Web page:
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Kremlin: Georgian territorial integrity “unreal”

By Temuri Kiguradze
Friday, June 5
Russia again demanded an independent OSCE mission in the Georgian breakaway region of South Ossetia at the OSCE Permanent Council session in Vienna on June 4.

"If we want stability and a common language in the region, we need to find the right compromise which would make it possible to maintain the OSCE military monitors in South Ossetia and Georgia," stated Russian Deputy Foreign Minister Karasin at the session of the OSCE Permanent Council on Thursday. Russia demands the separation of the Georgian OSCE mission into two independent missions with headquarters in Tskhinvali and Tbilisi. The Kremlin explains this by the fact that separatist South Ossetia was recognised as an independent state by Russia. Currently the OSCE mission to Georgia is suspended as Russia has vetoed its prolongation.

“Discussions on the prolongation of the OSCE monitoring mission on the territory of Georgia and South Ossetia have been underway for a long time. There is nothing simpler than to coordinate the practical performance parameters of the mission on both sides of the border with respecting the opinion of the [South Ossetia and Georgian] sides. That’s the point of the Russian proposal to create two monitoring groups. However our partners are accusing us of a fictional resolution of [breakaway South Ossetia’s] status questions. The Greek project which considers the OSCE [mission’s central] office will be based in Tbilisi is based on the unreal precondition of Georgian territorial integrity. It’s obvious that the monitoring mission will not be able to operate on South Ossetian territory without the permission of Tskhinvali,” said Karasin on June 4.

Commenting on Russia’s position, Georgian State Minister on Euroatlantic Integration Giorgi Baramidze noted that Russia “is the only state that has a non-constructive position concerning the prolongation of the OSCE mandate in Georgia.” “I hope that the position of Georgia, its partners and the international community will be sufficiently strict towards Russia,” said Baramidze in Tbilisi on June 4, adding that Russia’s position creates “international isolation” for Moscow.

The Georgian envoy to OSCE, Paata Gaprindashvili, stated that Karasin’s speech at the OSCE “made even the last hope of maintaining the OSCE’s activities in Georgia disappear.” “By rejecting the presence of the OSCE monitors, Russia once again demonstrated its negative approach to the principles of transparency and accountability. All these actions have one single aim – to make sure the Russian military presence in Tskhinvali Region is unchecked, unmonitored and non-transparent, that no international organisation observes their legalisation of the occupation through the well-employed instruments of illegal passportisation, ethnic cleansing and military build-up,” stated Gaprindashvili, speaking in Vienna on June 4. He also underlined “Russia’s negligent approach towards the Geneva discussions, and Russia’s attempts to use them as a tool to blackmail the international community in different forums.”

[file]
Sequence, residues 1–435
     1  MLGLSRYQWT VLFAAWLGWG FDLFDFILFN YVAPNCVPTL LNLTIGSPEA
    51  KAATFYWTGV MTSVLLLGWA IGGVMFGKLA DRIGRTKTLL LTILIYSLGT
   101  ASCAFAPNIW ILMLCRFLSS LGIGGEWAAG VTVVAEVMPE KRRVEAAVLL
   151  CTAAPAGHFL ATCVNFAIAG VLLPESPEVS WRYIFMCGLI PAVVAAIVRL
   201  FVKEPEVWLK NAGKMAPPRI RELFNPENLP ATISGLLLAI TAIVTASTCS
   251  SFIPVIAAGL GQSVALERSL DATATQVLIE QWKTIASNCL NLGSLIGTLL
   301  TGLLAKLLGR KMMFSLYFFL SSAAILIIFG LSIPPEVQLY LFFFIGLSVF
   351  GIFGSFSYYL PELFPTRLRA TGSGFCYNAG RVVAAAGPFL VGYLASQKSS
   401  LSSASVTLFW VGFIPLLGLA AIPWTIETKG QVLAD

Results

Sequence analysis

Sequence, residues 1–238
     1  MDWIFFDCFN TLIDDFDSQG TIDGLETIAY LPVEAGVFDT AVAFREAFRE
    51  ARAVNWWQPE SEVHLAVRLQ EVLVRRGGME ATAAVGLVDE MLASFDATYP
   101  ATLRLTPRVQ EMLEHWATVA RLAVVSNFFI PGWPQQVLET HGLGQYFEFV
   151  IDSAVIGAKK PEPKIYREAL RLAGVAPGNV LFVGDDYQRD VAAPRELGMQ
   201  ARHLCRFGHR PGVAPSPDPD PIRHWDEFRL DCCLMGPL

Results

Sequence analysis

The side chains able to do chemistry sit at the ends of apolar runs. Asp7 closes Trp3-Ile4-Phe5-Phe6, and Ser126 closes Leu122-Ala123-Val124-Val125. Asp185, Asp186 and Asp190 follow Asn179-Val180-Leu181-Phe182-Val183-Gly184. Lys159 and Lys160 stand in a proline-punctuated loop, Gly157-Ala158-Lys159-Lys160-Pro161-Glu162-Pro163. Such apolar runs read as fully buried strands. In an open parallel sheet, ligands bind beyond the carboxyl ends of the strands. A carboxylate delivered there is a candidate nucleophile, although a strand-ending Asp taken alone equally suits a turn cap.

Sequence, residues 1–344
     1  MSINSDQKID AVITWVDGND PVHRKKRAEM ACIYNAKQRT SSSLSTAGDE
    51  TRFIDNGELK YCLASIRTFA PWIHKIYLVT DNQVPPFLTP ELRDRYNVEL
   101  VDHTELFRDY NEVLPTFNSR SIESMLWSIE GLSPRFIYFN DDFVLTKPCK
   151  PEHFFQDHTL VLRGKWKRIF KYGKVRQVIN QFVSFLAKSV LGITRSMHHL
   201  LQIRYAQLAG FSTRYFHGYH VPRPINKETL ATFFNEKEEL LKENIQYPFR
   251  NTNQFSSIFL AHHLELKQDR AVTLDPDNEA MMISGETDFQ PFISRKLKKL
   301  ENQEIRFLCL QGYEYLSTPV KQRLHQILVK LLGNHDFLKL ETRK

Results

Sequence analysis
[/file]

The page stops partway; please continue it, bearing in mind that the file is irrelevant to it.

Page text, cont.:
“Your Government has turned the Tskhinvali Region and Abkhazia into huge military bases. But I assure you that the time will come when the last Russian soldier will leave the occupied Georgian territories, just as you had to leave Hungary, Czechoslovakia and Afghanistan. And by then there will be international presence on the ground to monitor how this withdrawal is taking place,” stated Gaprindashvili, addressing Karasin. Answering this accusation Karasin stated that the Russian military bases in South Ossetia and Abkhazia have been established “by the invitation and agreement of the authorities of the accepting countries [separatist Abkhazia and South Ossetia]. Their deployment is absolutely legitimate and supported by the population of these republics.”

Sergi Kapanadze, Deputy Director of the Department of International Organizations at Georgia's Foreign Ministry, evaluated Karasin’s statement as “cynical and absurd.” “The statements of Russia that their troops entered the Georgian breakaway regions to protect local residents are silly and have nothing to do with reality. These forces are performing an occupation of Georgian territory,” Kapanadze told The Messenger on June 4. He added that after Thursday’s session “almost no chances are left for the extension of the OSCE mission in Georgia”

Greece, as the acting OSCE Chair, has suspended negotiations on the prolongation of the OSCE mission in Georgia due to the disagreements between Russia and other OSCE states.